Wiki Loves Monuments

Winners of Wiki Loves Monuments 2017 in Iran

on Nov 04, 2017

We are thrilled to announce the 10 winning photos of Wiki Loves Monuments 2017 in Iran. These photos are selected by Iran’s jury ( Diego Delso, Hamid Eskandari, David Gubler, Sam Javanrouh, Mohammad Majidi, Kimia Rahgozar) and volunteers from the more than 4700 photos uploaded by 383 uploaders. These photos are now nominated to compete with nominations from 50+ other campaigns to compete at the Wiki Loves Monuments international level.

As always and before going to the winners: Although Wiki Loves Monuments is a photo competition, the story of the people behind the photos is as beautiful and important as the photos themselves. These are the people who have decided to share their knowledge and documentation of the world’s built cultural heritage with the rest of the world through Wikipedia and other Wikimedia projects. As a result, when we knew more about the photographer and the moment they captured the photo in, we have shared a bit more with you.

First place. The ceilings inside of Sheikh Lotfollah mosque in Isfahan are detailed and colorful. However, these colors are usually captured in isolation. In this photo, Mohammad Tarem captures the combination of blue colors of the ceiling above mihrab with the warmer orange colors of the dome. (Mohammad Tarem, CC BY-SA 4.0)


Second place. A night view of Goor Dokhtar, a stone tomb from Achaemenid era located in Dashtestan, Bushehr. (Heidar.pirine, CC BY-SA 4.0)


Third place. A Safavid era shrine in Aran-o-Bidgol, Isfahan. The photographer travels a long distance to capture this photo of the old shrine in the early hours of the day and in the month of Ramadan when special lighting and early morning prayers give a unique look to this shrine. (Mostafameraji, CC BY-SA 4.0)


Fourth place. Azadi Tower as seen by the photographer who captures it as the moon traverses the sky of Tehran in the last days of the summer.  (Mohamad Omrani, CC BY-SA 4.0)


Fifth place. The light as it shines through the windcatcher (bādgir) in Tabātabāei house in Kashan creates a magical space in this 140 year-old house of the affluent Kashani family. (Mostafameraji, CC BY-SA 4.0)


Sixth place. The scaffolding around the Imam Mosque in Isfahan didn’t stop Mohammad Tarem from rethinking the framing of the mosque. The photographer used the dark space inside the building and the walls and ceilings around him to create a dominant frame and yet depict the monument. (Mohammad Tarem, CC BY-SA 4.0)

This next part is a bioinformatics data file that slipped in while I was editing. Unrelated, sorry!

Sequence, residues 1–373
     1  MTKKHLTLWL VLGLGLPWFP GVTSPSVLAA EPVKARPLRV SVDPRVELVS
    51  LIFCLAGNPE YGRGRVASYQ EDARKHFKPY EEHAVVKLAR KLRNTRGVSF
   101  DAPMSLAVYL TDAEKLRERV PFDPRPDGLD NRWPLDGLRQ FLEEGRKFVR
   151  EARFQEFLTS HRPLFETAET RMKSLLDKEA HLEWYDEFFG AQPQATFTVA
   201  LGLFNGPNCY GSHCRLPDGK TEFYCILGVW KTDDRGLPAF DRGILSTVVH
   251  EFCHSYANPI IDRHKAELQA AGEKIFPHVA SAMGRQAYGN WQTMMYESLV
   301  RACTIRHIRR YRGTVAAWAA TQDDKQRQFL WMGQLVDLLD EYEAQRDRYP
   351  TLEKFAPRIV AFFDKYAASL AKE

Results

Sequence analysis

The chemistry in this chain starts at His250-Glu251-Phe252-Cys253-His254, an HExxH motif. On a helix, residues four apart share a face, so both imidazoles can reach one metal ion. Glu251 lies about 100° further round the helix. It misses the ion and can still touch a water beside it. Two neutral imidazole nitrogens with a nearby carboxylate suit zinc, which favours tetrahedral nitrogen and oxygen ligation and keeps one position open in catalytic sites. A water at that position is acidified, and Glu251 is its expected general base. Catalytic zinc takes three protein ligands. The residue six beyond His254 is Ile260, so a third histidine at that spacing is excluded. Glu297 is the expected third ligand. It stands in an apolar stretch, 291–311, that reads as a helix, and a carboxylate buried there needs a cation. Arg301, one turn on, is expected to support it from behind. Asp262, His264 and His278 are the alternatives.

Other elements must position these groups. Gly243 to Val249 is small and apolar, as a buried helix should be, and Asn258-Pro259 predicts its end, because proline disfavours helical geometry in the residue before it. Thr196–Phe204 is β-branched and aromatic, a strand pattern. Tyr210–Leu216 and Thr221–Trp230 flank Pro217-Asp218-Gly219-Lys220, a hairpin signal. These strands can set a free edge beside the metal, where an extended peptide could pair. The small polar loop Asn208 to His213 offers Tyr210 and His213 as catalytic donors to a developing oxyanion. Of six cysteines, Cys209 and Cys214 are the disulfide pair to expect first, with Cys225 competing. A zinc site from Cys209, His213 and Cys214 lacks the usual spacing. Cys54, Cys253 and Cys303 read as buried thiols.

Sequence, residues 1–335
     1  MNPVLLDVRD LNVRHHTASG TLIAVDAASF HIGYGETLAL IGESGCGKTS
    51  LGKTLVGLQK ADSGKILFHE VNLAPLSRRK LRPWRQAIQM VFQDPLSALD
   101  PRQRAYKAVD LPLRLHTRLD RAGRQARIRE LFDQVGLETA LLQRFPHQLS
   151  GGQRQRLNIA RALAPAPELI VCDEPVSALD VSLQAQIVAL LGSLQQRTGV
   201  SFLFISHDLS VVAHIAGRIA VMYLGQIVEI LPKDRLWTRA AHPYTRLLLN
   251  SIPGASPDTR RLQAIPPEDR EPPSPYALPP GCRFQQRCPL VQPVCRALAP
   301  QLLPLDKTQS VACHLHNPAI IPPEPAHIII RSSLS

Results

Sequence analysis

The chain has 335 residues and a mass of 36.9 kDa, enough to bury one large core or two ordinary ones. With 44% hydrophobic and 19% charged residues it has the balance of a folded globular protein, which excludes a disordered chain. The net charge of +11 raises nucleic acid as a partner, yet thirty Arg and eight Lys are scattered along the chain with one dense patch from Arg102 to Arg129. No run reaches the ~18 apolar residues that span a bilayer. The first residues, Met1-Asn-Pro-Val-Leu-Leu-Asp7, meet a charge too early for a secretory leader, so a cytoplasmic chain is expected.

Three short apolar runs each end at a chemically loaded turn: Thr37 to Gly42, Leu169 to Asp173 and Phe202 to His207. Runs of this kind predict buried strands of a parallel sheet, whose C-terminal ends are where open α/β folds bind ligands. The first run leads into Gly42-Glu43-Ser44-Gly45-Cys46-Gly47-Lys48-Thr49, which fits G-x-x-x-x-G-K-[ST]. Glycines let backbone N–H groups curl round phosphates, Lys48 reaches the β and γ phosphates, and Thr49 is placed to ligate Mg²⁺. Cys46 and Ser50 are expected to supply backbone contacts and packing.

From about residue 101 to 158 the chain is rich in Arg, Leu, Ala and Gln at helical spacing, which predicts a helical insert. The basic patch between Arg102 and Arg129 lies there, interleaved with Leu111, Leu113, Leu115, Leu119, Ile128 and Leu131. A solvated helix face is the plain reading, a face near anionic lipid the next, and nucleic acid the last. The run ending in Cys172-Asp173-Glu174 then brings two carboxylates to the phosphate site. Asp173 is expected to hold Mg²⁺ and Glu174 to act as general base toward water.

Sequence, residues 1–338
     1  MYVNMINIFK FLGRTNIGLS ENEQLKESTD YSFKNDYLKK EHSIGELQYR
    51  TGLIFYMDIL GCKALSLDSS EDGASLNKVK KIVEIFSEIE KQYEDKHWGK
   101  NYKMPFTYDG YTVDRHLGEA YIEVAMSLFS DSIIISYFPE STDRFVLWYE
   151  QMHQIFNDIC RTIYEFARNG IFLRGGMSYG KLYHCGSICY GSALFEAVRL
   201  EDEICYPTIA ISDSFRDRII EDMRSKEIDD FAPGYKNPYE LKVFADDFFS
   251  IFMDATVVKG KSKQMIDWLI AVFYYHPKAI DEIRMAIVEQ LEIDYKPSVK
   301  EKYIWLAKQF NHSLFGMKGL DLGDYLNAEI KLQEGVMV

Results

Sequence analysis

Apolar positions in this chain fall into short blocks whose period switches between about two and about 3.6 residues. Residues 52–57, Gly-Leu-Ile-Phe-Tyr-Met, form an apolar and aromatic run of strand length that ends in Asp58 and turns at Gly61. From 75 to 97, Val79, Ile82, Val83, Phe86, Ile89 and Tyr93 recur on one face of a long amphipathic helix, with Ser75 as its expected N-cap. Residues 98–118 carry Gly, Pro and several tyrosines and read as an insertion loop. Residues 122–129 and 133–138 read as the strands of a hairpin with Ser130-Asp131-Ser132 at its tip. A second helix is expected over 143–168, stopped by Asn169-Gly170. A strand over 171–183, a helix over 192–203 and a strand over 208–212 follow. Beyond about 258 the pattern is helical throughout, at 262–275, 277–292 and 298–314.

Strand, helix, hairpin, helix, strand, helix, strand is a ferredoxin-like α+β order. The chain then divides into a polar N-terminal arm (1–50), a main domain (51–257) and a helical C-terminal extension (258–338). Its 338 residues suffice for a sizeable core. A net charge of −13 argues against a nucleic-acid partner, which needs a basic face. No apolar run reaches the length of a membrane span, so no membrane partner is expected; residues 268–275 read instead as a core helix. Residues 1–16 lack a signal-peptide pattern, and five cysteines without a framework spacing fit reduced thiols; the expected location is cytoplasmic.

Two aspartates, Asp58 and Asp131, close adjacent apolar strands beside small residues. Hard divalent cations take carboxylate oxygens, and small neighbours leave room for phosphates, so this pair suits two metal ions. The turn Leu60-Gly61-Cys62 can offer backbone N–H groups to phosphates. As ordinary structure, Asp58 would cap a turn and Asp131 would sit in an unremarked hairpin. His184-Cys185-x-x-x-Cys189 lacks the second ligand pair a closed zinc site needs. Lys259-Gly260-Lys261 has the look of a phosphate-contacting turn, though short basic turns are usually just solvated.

Seventh place. A photographer with a fascination for the many caravanserai’s around Ravar, Kerman, including Chah Kouran Caravanserai, a Qajar era brick building visible from the road while driving. The photographer hits the road early in the morning to capture this moment and share it with Wikipedia. He takes photos from the hill facing the building for a long time before going down and taking more photos of the building from close-up. (Pourjafari, CC BY-SA 4.0)


Eighth place.  Khalvat-e Karimkhaani is located at the northwest part of Golestan Palace in Tehran. (Ania Mardrosyan, CC BY-SA 4.0)


Ninth place. An aerial view of Oshtoran (Ardalan) Fortress in Tuyserkan, Hamedan provides a unique view of this Qajar era monument. (Dolphinphoto5d, CC BY-SA 4.0)


Tenth place. The quiet and untouched nature behind the southern mountains of Maku is home to Chapel of Dzordzor, a UNESCO World Heritage Site and one of the three Armenian Monastic Ensembles located in the northwestern part of Iran. Davood80z takes this photo of the monument in Spring 2014 and while traveling with his wife and two children in the region. The photographer recalls the moments of seeing the chapel, a remarkable moment, since prior to that he had not been able to find a detailed photo of it online.  (Davood80z, CC BY-SA 4.0)

Interested to see nominations by other Wiki Loves Monuments 2017 campaigns? Check them out.